Not sure if Meridia knows about this wall.

The night is rapidly turning frigid, the wind is starting to rise, and we can hear the howling of ice wolves close by.  Jenassa suggests we find a place to camp for the night, as it’s unlikely we’ll be able to find our way to an inn before we’re attacked by wolves… or worse.

Just off the stone path leading to the temple, we find a flat stretch of ground sheltered by a cliff.  There’s even a fallen log available for firewood.  As we set up camp, I notice that Jenassa is strangely quiet.  I ask if there’s anything wrong, but she says she’s just tired.  Fair enough.  We’ve traveled from Whiterun by cart, discovered an ancient temple, been ordered around by a Daedra, battled with corrupted spirits, and destroyed a necromancer.  Oh right, and I nearly died.  It’s been a pretty exhausting day.

It's been a long day.
Now if only those wolves would stop howling.

The morning dawns bright and sunny, but the wind is still icy and the wolves are still audible.  As we eat our morning meal and break camp, we have a quick look through our belongings.  We’re going to have to head into Solitude and sell off a lot of this stuff before we start making other plans.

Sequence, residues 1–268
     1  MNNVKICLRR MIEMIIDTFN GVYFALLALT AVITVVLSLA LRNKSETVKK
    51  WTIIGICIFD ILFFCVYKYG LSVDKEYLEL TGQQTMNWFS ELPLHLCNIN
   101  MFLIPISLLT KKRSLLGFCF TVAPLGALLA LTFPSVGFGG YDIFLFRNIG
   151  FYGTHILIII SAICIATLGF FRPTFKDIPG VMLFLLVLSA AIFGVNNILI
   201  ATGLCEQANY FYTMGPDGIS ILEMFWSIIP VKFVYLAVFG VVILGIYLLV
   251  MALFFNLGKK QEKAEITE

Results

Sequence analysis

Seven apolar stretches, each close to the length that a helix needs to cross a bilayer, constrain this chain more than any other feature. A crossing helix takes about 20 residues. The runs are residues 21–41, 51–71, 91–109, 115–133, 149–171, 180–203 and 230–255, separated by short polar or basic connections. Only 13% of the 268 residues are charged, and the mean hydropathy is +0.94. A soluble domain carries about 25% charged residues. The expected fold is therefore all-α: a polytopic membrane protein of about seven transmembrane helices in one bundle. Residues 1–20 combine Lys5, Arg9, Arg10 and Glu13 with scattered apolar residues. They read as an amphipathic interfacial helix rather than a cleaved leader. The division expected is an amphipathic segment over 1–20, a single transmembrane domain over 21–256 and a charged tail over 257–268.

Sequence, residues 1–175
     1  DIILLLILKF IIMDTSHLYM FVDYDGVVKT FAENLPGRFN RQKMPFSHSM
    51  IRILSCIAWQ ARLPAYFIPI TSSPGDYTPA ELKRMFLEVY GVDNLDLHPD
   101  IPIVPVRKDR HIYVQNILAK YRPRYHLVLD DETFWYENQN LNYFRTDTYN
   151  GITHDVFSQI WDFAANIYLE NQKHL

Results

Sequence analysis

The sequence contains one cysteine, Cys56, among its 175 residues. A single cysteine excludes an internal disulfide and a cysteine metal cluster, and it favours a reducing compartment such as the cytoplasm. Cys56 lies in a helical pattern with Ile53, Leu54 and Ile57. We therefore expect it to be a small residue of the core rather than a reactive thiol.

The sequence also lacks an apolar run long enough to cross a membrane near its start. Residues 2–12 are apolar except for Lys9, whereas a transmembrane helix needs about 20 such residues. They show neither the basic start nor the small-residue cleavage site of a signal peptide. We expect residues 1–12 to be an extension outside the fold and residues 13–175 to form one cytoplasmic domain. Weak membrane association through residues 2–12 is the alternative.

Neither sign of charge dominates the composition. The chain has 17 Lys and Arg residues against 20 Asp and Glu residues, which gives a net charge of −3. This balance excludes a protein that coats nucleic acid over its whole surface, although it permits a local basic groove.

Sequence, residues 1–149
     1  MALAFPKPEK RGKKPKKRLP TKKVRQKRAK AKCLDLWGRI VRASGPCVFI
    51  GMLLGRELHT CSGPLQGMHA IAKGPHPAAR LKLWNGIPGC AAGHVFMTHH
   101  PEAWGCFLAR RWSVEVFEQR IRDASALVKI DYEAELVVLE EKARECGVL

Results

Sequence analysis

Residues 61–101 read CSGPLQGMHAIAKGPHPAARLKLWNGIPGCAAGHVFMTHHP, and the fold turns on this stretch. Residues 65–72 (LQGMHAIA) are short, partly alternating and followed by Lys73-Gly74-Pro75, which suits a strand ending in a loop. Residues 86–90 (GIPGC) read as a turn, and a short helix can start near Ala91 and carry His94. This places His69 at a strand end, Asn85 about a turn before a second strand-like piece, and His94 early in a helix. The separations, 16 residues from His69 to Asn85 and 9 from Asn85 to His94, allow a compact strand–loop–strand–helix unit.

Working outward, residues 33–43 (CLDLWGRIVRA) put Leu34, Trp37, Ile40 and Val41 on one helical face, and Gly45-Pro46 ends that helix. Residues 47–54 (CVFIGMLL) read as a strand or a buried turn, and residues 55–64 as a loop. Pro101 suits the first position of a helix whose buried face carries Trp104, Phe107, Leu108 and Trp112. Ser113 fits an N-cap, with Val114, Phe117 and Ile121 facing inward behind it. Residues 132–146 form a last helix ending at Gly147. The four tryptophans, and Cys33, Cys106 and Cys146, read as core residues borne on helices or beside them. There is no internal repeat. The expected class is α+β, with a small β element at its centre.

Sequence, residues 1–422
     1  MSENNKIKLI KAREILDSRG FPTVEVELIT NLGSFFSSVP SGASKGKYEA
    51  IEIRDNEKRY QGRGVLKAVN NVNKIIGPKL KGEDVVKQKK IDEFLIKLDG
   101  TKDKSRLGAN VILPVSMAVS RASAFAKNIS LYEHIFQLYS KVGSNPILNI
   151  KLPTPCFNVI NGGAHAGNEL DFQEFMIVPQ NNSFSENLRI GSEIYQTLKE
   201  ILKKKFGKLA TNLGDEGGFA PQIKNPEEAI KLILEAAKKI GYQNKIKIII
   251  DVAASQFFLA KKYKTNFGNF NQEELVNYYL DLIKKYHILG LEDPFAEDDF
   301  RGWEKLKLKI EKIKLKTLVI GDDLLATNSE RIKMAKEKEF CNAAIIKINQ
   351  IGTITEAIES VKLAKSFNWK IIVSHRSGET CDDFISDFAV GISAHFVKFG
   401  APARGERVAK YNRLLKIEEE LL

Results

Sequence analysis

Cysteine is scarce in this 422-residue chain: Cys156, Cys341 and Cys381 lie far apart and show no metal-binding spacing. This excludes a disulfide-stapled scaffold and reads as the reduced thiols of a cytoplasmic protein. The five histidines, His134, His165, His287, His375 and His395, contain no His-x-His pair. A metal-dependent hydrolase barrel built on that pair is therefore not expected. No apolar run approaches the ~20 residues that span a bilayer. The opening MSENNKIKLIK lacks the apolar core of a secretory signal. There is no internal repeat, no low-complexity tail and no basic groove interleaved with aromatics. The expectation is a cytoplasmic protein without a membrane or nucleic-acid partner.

Also, as Jenassa reminds me, I’ve now been assigned by Meridia to rid Skyrim of the restless dead as her new champion — and that’s definitely going to keep me busy for awhile.  She points out that the most reasonable place to start would be at the houses of Arkay in the main cities.  If the dead in those places aren’t restless, then the priests of Arkay will probably know of some that are.

Ice wolves trying to play Fetch with our horses.
Ice wolves trying to play fetch with our horses.

We’ve barely started on our way to Solitude when we finally run into those ice wolves that have been howling all night long.  Unfortunately they’re very tenacious.  There are nearly a dozen wolves, and the pack harasses us almost the entire way to Solitude.  We finally manage to get rid of them with the help of a couple of city guards out on patrol, but by the time the fight is over, I’m getting pretty chilled.  I down a couple bottles of mead as we approach the main gates.

End up like who what now?
End up like who what now?

We enter the gates of Solitude, and we’re immediately confronted with an unforgettable example of Skyrim’s swift justice.

I guess Roggveir and I won't be getting better acquainted.
I guess Roggvir and I won’t be getting better acquainted.